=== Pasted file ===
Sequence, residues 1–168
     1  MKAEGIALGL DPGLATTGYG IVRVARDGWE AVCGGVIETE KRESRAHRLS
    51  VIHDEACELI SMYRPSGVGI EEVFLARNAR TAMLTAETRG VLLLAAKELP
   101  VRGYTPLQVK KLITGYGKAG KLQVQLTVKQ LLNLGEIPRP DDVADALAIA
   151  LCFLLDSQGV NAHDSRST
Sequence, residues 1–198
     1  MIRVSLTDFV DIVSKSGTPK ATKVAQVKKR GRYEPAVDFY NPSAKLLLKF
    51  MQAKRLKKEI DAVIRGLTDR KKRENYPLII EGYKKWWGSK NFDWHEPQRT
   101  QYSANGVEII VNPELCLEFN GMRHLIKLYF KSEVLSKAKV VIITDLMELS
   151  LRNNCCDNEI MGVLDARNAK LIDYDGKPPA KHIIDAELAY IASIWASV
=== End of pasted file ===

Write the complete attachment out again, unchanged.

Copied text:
Sequence, residues 1–168
     1  MKAEGIALGL DPGLATTGYG IVRVARDGWE AVCGGVIETE KRESRAHRLS
    51  VIHDEACELI SMYRPSGVGI EEVFLARNAR TAMLTAETRG VLLLAAKELP
   101  VRGYTPLQVK KLITGYGKAG KLQVQLTVKQ LLNLGEIPRP DDVADALAIA
   151  LCFLLDSQGV NAHDSRST
Sequence, residues 1–198
     1  MIRVSLTDFV DIVSKSGTPK ATKVAQVKKR GRYEPAVDFY NPSAKLLLKF
    51  MQAKRLKKEI DAVIRGLTDR KKRENYPLII EGYKKWWGSK NFDWHEPQRT
   101  QYSANGVEII VNPELCLEFN GMRHLIKLYF KSEVLSKAKV VIITDLMELS
   151  LRNNCCDNEI MGVLDARNAK LIDYDGKPPA KHIIDAELAY IASIWASV